[12] It may be noteworthy that Montgomery gained early experience on the staff of British Second Army in the Great War, whose motto was “waste metal, not flesh”. It was a good rule to live by and Second Army’s performance was excellent, but the campaign in North West Europe saw this taken to extremes and nowhere was the finely tuned co-ordination inherent to the impressive British advances of summer 1918 in evidence. Sheffield, ed. (2002), p.125 lends weight to this notion.

[13] House (2001), p.167

[14] Murray and Millett (2001), pp.419-420

[15] Murray and Millett (2001), p.416

[16] Doughty & Gruber, eds. (1996), p.786

[17] Doughty & Gruber, eds. (1996), p.794

[18] Doughty & Gruber, eds. (1996), p.791

[19] Murray & Millett (2001), p.426

[20] Doubler (1994), p.36

[21] Millett & Murray, eds. (1988), p.46

[22] Millet & Murray, eds. (1988), p.47

[23] Van Creveld (1983), pp.76-79 and Sheffield, ed. (2002), p.123

[24] Gray (1999), pp.145-146

[25] Doughty & Gruber, eds. (1996), p.788

[26] House (2001), pp.138-139

[27] Millett & Murray, eds. (1988), p.73

[28] Van Creveld (1983), p.88 and Millett & Murray, eds. (1988), p.83

[29] Doubler (1994)

[30] Murray & Millett, eds. (1988), p.61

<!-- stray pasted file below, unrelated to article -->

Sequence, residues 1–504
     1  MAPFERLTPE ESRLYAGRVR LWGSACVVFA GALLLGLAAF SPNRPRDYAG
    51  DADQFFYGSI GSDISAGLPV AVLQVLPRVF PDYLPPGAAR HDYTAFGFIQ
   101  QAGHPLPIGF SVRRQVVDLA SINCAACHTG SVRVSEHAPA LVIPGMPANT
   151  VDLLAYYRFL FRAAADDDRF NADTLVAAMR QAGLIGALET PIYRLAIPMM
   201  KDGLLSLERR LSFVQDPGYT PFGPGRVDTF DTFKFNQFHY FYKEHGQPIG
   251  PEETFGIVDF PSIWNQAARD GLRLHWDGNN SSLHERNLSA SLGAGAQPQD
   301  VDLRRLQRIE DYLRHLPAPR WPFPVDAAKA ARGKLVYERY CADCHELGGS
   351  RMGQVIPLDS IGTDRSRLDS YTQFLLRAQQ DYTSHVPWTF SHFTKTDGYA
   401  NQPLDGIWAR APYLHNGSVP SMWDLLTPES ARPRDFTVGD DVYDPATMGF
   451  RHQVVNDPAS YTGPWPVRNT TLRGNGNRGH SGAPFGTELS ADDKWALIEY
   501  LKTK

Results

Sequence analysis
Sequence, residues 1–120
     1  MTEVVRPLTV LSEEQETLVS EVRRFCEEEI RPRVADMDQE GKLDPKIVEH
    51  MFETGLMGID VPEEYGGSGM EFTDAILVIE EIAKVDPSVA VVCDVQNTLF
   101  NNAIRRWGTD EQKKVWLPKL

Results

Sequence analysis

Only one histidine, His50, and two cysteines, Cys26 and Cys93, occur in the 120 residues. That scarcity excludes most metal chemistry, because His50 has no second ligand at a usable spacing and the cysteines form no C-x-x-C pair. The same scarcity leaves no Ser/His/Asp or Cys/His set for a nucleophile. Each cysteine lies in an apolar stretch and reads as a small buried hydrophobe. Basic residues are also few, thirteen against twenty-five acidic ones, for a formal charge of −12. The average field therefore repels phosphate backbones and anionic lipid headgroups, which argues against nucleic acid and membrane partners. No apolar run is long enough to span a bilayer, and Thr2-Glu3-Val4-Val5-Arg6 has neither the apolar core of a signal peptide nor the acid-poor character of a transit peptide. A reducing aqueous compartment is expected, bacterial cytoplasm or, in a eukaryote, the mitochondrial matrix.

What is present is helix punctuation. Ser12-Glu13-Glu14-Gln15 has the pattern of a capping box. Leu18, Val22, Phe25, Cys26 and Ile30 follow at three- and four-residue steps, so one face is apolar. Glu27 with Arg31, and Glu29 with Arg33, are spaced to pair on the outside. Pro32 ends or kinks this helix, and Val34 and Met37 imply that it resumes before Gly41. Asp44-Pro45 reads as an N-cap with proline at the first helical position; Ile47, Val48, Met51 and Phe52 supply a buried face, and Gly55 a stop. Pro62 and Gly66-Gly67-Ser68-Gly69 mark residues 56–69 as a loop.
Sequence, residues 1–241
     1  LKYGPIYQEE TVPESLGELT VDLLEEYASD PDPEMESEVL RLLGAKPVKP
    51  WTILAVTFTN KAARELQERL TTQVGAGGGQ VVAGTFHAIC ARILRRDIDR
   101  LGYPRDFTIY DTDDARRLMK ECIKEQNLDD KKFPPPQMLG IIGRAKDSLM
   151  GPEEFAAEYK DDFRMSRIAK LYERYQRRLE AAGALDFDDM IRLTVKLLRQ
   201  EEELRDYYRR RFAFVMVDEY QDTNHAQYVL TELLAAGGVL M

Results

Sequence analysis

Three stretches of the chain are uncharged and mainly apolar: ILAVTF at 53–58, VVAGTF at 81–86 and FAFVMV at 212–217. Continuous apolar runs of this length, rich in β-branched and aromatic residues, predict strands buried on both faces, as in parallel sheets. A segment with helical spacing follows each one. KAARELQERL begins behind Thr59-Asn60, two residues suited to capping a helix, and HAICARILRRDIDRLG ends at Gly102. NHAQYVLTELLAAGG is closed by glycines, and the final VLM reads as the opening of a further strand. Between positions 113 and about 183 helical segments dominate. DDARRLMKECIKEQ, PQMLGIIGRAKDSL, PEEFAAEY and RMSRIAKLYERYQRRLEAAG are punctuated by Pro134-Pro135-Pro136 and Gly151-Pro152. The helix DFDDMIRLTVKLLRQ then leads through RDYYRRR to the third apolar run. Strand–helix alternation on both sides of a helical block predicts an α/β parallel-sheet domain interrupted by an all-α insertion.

[31] Murray & Millett (2001), p.426 and Millett & Murray, eds (1988), p.61

[32] Millett & Murray, eds. (1988), p.90

[33] Millett & Murray, eds. (1988), p.107

[34] Millett & Murray, eds. (1988), p.73

[35] Harrison Place (2000), pp.128-130

[36] Harrison Place (2000), pp.40-63, van Creveld (1983), pp.72-74 and Millett & Murray, eds. (1988), pp.112-113

[37] Harrison Place (2000), pp.8-18

[38] Holden Reid, ed. (1997), pp.132-133

[39] Sheffield, ed. (2002), p.123 Harrison Place (2000) notes the incidence of a British armoured officer refusing to serve with Royal Artillery attached to his tank unit because, “the Royal Horse Artillery serves with the cavalry.” This is mind-boggling and would have been unthinkable in the US or German armies.

[40] Millett & Murray, eds. (1988), p.126

[41] ibid

[42] Biddle (2004), p.121

[43] Harrison Place (2000), p.3

[44] Harrison Place (2000), pp.168-177

[45] Doughty & Gruber, eds. (1996), p.789 and Doubler (1994), p.36

[46] House (2001), p.179, van Creveld (1983), pp.35-37 and Murray & Millet (2001), p.412

[47] Millett & Murray, eds. (1988), p.209

[48] Murray & Millett (2001), p.412

[49] Sheffield, ed. (2002), p.174

[50] Van Creveld (1983), pp.25-26

[51] Biddle (2004), pp.112-113

[52] Millett & Murray (1988), p.214

[53] Megargee (2000), pp.230-236

[54] Gray (1999), p.50